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VxVM Disk
Q-1 How to add a disk to a disk group in Veritas Volume Manager?
Ans: To add the physical disk c0t0d0 in the disk group homedg calling it disk90 in Veritas Volume
Manager:
# vxdg -g homedg adddisk disk90=c0t0d0

Q-2 How to remove a disk from a disk group in Veritas Volume Manager?
Ans: To remove a disk, disk90, from a disk group, homedg, in Veritas Volume Manager:
# vxdg -g homedg rmdisk disk90

Q-3 How to clear an import in Veritas Volume Manager after a crash?


Ans: # vxdisk clearimport c0t0d0s0

Q-4 How to list all disks and display their status in VxVM?
Ans: # vxdisk list

Q-5 How to remove a grayed out or obsolete disk, or remove a disk from a disk group in Veritas
Volume Manager?
Ans: # vxdisk rm disk01

Q-6 How to remove a disk so that it is no longer under Veritas Volume Manager controls?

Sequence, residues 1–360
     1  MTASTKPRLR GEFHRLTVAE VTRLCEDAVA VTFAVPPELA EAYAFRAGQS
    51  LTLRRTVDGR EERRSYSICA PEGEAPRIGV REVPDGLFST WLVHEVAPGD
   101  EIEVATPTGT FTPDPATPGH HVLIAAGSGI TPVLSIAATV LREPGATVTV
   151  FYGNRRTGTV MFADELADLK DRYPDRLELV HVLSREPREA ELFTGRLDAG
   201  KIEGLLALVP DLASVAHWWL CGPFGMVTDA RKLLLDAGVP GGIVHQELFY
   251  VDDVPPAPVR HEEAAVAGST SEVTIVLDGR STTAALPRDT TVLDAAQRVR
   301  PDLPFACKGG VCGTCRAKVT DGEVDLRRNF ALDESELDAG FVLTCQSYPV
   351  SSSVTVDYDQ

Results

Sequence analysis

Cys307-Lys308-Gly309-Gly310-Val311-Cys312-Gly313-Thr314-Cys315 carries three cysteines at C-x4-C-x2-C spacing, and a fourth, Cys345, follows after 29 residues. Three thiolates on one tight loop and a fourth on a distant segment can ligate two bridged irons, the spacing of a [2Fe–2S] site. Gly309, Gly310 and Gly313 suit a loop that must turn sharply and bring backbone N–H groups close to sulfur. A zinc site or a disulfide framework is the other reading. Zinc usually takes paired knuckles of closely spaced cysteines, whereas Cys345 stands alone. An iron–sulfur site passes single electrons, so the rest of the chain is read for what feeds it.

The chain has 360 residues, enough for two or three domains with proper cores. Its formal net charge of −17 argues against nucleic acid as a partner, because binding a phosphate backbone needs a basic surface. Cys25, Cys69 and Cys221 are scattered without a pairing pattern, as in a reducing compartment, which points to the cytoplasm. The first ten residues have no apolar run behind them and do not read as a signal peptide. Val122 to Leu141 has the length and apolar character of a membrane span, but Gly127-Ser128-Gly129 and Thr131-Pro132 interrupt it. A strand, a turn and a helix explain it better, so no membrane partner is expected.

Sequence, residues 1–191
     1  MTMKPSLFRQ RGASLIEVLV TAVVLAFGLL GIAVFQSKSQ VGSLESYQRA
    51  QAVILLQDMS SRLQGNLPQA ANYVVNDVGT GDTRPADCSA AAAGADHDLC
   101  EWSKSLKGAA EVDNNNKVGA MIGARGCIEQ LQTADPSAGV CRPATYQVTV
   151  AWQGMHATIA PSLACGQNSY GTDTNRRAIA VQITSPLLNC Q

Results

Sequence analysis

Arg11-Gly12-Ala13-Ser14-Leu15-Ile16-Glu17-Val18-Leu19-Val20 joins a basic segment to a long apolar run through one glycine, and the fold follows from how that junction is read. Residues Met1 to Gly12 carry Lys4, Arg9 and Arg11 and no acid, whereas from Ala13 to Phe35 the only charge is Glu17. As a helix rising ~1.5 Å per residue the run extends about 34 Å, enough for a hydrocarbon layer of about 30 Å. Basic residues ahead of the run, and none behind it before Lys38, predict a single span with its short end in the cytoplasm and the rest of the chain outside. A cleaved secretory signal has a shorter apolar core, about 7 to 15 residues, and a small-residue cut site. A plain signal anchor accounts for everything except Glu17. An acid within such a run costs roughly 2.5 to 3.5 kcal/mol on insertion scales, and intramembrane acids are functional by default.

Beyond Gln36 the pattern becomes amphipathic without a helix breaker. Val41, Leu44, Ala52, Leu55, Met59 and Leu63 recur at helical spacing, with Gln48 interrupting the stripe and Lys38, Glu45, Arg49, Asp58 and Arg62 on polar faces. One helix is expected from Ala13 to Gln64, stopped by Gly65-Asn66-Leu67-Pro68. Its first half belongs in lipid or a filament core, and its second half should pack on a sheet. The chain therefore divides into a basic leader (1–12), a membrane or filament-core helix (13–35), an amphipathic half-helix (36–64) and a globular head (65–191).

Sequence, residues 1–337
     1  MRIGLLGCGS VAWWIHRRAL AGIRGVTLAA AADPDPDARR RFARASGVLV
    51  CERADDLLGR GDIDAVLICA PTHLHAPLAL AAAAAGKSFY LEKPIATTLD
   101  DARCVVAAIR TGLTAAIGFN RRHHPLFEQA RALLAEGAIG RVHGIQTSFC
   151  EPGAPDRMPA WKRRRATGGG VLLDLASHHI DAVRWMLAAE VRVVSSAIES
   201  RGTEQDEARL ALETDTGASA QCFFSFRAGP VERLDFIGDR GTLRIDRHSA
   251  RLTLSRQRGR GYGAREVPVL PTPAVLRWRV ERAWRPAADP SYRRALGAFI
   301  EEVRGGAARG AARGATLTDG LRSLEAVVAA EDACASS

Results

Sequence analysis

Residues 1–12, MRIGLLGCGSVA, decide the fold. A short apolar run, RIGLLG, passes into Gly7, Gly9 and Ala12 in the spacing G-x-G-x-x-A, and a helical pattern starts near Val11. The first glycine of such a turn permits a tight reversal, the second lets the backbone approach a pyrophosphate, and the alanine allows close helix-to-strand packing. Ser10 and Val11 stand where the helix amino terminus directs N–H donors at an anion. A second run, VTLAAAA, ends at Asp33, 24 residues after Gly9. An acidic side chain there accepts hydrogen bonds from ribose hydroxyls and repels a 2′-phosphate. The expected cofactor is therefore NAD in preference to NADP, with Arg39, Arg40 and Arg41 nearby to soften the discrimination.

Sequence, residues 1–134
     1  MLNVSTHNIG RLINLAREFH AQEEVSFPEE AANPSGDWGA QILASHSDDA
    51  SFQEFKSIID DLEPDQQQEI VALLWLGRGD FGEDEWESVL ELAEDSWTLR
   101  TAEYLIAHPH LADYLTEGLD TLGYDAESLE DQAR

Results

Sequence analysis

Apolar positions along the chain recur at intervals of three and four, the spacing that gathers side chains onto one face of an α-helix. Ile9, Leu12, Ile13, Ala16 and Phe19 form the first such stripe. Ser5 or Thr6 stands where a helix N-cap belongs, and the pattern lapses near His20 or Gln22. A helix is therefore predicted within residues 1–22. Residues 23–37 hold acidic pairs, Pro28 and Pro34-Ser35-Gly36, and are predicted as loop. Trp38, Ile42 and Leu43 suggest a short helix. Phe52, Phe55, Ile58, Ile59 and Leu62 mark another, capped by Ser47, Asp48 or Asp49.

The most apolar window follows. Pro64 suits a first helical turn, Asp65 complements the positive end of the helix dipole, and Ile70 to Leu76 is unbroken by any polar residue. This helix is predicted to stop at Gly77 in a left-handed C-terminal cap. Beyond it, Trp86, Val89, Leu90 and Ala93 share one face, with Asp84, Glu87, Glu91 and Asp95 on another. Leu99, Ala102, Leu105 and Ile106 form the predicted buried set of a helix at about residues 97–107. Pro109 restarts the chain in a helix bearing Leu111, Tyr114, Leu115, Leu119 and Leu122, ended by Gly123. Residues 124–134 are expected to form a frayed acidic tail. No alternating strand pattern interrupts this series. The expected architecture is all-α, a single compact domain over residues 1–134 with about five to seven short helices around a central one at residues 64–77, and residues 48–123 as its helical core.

Ans: # vxdisk rm c0t0d0

Q-7 How to add or bring a disk under Veritas Volume Manager control?
Ans: To add or bring a disk under Veritas Volume Manager control:
# vxdiskadd c0t0d1
or
# vxdisksetup -i c0t0d1

Note: It might help to newfs the s2 slice of the disk and perform a vxdctl enable to get it to add a disk.

Q-8 How to remove a volume and any subdisks and plexes associated in VxVM?
Ans: # vxedit -rf rm volume_name

Q-9 How to rename the disk disk90 to be called disk80 in the group rootdg in Veritas Volume
Manager?
Ans: # vxedit -g rootdg rename disk90 disk80

Q-10 How to set disk90 in the group homedg to be a hot spare in Veritas Volume Manager?
Ans: # vxedit -g homedg set spare=on disk90

Q-11 How to set the comment field of subdisk subdisk01-01 to "comments are here"?
Ans: # vxedit set comment"comments are here" subdisk01-01
Q-12 How to sets the user to ep, the group to epgrp and the mode rw-rw-rw on the volume vg01?
Ans: # vxedit set user=ep group=epgrp mode=0666 vg01

Disk Group
Q-1 How to display the default disk group?
Ans: #vxdg defaultdg

Q-2 How to set the default disk group?


Ans: # vxdctl defaultdg <disk group>

Q-3 How to display disk group information?


Ans: # vxdg list or
# vxdg list <disk group>